2. You don’t invest in mutual funds in kilograms, you invest in ‘Units’ 

It’s quite simple. Just like you invest by purchasing certain number of shares of a company, like purchasing 100 shares of ABC Company, you purchase ‘Units’ of mutual funds to invest in them. Suppose, a mutual fund decides to sell one unit at a price of Rs. 10 and you want to invest Rs. 10,000 in that mutual fund, you will need to buy Rs. 10,000/10 = 1000 units. And, you might sell some of your units in future or buy some more units. Basically, you trade in units of mutual fund. Yes, it’s as simple as that.

3. The total value of your fund or investment – ‘Net Assets’ 

Suppose, when the mutual fund starts (New Fund Offer), the total number of existing units are 10 Lakh each worth Rs. 10, then the total value of this mutual fund is Rs 1 Crore. Now, if the costs of managing this fund amounts to Rs. 2 Lakh, then the net value of your fund will be Rs. 1 Crore – Rs. 2 Lakh = Rs. 98 Lakh. The expenses include things like fund manager’s fee, regulatory expenses, advertising expenses etc.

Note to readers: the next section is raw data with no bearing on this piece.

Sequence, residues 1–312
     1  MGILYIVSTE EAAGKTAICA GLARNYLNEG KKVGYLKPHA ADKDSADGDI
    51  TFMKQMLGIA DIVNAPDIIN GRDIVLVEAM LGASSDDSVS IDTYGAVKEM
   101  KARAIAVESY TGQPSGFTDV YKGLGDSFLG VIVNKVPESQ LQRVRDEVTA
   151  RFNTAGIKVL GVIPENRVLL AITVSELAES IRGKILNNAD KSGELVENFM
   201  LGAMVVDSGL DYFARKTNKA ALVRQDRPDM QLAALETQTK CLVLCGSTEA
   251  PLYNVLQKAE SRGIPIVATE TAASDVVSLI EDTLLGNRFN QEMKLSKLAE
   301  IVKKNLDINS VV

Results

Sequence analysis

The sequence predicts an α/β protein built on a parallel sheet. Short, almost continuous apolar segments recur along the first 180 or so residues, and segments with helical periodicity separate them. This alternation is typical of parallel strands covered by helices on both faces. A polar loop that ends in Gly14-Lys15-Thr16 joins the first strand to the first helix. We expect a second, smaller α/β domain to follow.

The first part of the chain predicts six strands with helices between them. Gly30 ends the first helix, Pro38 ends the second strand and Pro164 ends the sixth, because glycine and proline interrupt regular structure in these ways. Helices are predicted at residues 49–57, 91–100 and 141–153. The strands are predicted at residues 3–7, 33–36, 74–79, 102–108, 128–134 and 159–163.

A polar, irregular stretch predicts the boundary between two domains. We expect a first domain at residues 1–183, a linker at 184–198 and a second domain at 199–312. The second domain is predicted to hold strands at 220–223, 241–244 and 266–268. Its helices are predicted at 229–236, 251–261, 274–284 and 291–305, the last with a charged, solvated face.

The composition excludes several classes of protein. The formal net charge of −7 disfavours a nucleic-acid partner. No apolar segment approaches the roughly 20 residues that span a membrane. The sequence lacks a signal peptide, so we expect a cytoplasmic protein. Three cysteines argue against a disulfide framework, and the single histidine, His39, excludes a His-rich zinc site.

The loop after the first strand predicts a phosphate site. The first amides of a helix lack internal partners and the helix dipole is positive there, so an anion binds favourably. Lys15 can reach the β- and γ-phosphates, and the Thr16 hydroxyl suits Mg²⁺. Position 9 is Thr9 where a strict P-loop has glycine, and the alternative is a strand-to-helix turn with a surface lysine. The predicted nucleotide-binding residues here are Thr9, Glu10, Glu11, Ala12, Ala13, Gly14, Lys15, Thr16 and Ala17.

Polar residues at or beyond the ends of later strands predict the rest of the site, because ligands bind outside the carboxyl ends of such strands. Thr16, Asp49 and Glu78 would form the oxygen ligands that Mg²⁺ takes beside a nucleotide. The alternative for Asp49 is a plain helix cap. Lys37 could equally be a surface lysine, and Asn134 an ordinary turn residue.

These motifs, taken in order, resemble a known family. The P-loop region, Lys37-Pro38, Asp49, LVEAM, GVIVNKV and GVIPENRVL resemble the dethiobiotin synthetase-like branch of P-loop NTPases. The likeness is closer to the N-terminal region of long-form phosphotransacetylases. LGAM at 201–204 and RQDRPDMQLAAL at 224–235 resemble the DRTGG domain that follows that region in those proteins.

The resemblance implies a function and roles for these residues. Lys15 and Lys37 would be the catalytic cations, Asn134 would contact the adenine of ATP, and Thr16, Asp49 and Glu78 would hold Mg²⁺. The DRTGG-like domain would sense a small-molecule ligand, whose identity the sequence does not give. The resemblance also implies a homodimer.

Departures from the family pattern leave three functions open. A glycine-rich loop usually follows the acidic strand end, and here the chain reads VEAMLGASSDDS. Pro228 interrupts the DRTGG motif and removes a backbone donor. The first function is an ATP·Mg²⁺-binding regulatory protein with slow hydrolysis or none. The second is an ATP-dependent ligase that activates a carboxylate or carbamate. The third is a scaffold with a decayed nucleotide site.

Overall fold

Now, your Net Assets may go up or down in following cases. If new investors buy additional units. Suppose, in the above example some new investors buy additional 1 Lakh units in your mutual fund, then Net Assets of your mutual fund will increase by Rs. 10 Lakh. On the other hand, if some of the investors sell their units back to mutual fund and take back their investment amount, then the Net Assets will decrease. And, the desired situation is when the value of your investment will go up due to profits, leading to Net Assets going up. But, obviously the Net Assets will go down when your fund makes a loss. So, the Net Assets keep changing with change in any of the above factors.

4. The important performance measure of your investment – ‘Net Asset Value (NAV)’